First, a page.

As I write, my laptop screen is split between this and Facebook.
The open window is of a Facebook status I made in 2009, in which I use vulgar language to describe how irate I am that Internet trolls were bullying a then 15-year-old Justin Bieber about his love life.
(Belieber ’til I die.) I called “them” haters (except I spelled it with a “z,” because you know, 2009). Underneath my less-than-tactful words against the cyber bullying of the Biebs is a picture of my niece from when she was five—an awkward juxtaposition.
Slowly, I’ve been deleting statuses and friends. It started with birthdays. When Facebook would notify me today was a distant acquaintance’s birthday or a random friend-of-a-friend-of-a-friend I bonded with at a party one time turned 26 today, I’d use the opportunity to unfriend. From Facebook and therefore, from my life.
I’ve made it my resolution to not just minimize my network of “friends,” but to also more heavily monitor what it is I’ve been uploading to Facebook all these years.
Each time I started a job, it only took a few days for my new co-workers to find me on FB. (And how do you say “no” to a friend request from someone you see every day?) Instantly, these people—who should really only know me in a work capacity—now had unique access to my college years, the news stories I chose to share (if you think I was quiet on social media in the wake of the Brock Turner sentencing, I wasn’t), and endless photos of my nieces.
There’s more to my decision to delete than some minor oversharing with co-workers. When I began looking at my wall and all of the content I’ve willingly doling out over the years—my feelings, my thoughts, family photos, statuses of grief, worry, and confusion, I couldn’t remember the reason why I felt the need to share in the first place.
More often than not, I’ll look at an old post and think, “What compelled me to share this? I genuinely can’t remember why I wanted to.”
I’ve been sharing on Facebook since 2007. That’s nine years worth of content aggregated. That’s a lot of information. Too much. Pictures of me from when I had braces, from when I gained the freshman 15, moody statuses I couldn’t remember the motivation for…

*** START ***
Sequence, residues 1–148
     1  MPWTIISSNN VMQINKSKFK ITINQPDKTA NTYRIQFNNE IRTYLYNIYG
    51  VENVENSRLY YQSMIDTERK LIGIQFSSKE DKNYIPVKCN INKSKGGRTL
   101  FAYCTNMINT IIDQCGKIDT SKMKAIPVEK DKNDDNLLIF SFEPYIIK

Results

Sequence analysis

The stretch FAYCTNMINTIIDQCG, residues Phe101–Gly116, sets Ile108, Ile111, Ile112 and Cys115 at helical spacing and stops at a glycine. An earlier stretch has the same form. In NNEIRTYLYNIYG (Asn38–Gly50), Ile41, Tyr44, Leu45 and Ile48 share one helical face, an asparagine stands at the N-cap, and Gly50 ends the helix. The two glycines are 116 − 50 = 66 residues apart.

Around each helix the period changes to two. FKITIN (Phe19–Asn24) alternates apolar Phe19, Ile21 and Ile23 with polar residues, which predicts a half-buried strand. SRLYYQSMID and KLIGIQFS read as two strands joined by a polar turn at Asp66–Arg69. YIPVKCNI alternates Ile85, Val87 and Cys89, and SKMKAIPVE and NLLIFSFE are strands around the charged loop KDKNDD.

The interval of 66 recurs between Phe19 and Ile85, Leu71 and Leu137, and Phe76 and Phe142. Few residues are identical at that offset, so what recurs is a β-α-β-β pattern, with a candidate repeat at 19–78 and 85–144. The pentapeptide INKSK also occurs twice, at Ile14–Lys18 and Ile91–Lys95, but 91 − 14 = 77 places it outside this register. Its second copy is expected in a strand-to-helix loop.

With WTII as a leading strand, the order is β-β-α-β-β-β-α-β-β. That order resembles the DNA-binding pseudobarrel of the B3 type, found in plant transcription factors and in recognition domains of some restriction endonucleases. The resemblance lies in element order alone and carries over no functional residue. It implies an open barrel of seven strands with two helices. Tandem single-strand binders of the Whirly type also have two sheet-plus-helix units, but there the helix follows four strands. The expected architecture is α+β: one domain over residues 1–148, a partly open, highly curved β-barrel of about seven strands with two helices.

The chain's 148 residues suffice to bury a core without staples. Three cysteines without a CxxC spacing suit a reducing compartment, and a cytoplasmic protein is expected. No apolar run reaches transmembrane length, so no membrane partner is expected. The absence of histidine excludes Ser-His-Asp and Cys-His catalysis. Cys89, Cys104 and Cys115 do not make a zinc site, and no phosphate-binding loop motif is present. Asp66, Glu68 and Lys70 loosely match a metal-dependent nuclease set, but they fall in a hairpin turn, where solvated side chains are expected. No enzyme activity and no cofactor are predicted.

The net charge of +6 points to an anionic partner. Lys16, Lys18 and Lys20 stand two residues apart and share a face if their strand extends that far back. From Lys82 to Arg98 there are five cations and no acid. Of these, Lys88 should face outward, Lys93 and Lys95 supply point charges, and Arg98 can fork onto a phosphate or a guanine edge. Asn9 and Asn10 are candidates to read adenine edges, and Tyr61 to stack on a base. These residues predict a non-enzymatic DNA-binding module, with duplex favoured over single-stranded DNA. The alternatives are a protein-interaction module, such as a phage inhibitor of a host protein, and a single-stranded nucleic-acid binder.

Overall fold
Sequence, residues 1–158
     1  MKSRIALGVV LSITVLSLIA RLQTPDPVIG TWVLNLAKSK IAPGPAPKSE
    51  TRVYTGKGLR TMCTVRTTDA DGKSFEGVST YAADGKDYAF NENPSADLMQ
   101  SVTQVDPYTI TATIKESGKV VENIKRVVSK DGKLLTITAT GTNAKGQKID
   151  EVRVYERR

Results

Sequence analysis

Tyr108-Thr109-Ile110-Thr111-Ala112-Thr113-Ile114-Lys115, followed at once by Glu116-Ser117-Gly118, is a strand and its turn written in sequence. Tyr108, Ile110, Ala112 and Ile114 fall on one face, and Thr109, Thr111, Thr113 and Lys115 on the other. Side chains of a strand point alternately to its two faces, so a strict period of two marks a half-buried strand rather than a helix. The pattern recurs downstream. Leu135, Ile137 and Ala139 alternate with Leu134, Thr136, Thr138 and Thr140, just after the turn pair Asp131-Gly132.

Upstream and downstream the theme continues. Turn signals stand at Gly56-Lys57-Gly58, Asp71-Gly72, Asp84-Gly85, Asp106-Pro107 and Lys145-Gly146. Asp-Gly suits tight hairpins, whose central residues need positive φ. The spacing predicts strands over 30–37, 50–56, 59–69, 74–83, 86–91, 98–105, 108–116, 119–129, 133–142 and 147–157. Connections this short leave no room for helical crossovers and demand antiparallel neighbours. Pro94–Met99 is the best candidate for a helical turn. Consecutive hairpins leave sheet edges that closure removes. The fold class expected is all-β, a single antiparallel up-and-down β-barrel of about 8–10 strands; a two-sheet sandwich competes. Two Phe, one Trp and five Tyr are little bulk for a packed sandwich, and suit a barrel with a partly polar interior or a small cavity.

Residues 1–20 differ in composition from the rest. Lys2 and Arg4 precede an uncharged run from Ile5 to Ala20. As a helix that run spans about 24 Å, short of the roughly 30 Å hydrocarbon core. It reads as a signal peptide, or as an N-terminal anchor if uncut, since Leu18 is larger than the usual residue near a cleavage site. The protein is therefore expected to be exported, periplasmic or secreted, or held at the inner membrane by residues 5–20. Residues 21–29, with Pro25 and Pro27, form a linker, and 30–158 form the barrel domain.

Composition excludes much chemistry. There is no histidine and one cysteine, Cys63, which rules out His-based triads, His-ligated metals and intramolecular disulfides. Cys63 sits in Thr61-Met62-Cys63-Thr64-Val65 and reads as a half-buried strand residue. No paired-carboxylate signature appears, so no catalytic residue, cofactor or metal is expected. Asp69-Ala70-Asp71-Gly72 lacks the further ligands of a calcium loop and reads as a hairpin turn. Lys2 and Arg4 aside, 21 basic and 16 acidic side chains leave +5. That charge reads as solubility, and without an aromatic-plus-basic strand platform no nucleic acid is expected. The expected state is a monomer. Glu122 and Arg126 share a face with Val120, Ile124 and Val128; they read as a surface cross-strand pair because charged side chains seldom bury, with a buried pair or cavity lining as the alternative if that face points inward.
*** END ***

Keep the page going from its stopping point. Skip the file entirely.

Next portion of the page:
The overwhelming emotion I felt while scrolling through it all was the desire to, moving forward, show the world as little of my personal life as possible. If I want to blog or tweet or run my Instagram, that’s fine as long as I put boundaries in place.
I’ve deleted (or hid from my timeline) all of 2016, 2015, 2014, 2013, and 2012. All my albums are emptied. Videos posted in 2009 have been backed up but deleted. Photos that auto uploaded from iOs and Mobile Uploads (back before I had an iPhone) have been erased.
I’d like to better handle how much of my life lives eternally on the Internet. Facebook is great for promoting things I’m proud of–like an interview I did or an article I wrote, but I no longer feel the need to share about my personal achievements. Things like renting a new apartment, moving to a new city, or shaving a full minute off my mile time are things I’ll experience for myself and with the people who choose to communicate with me off-screen.
I’ll save personal stuff for my actual life. If someone wants to know what’s going on it, then they are more than welcome to be a part of it, but they’ll have to do more work than just surveying my wall to “get the scoop” on me. They’ll have to pick up a phone, make a call, or show up for me in my regular life.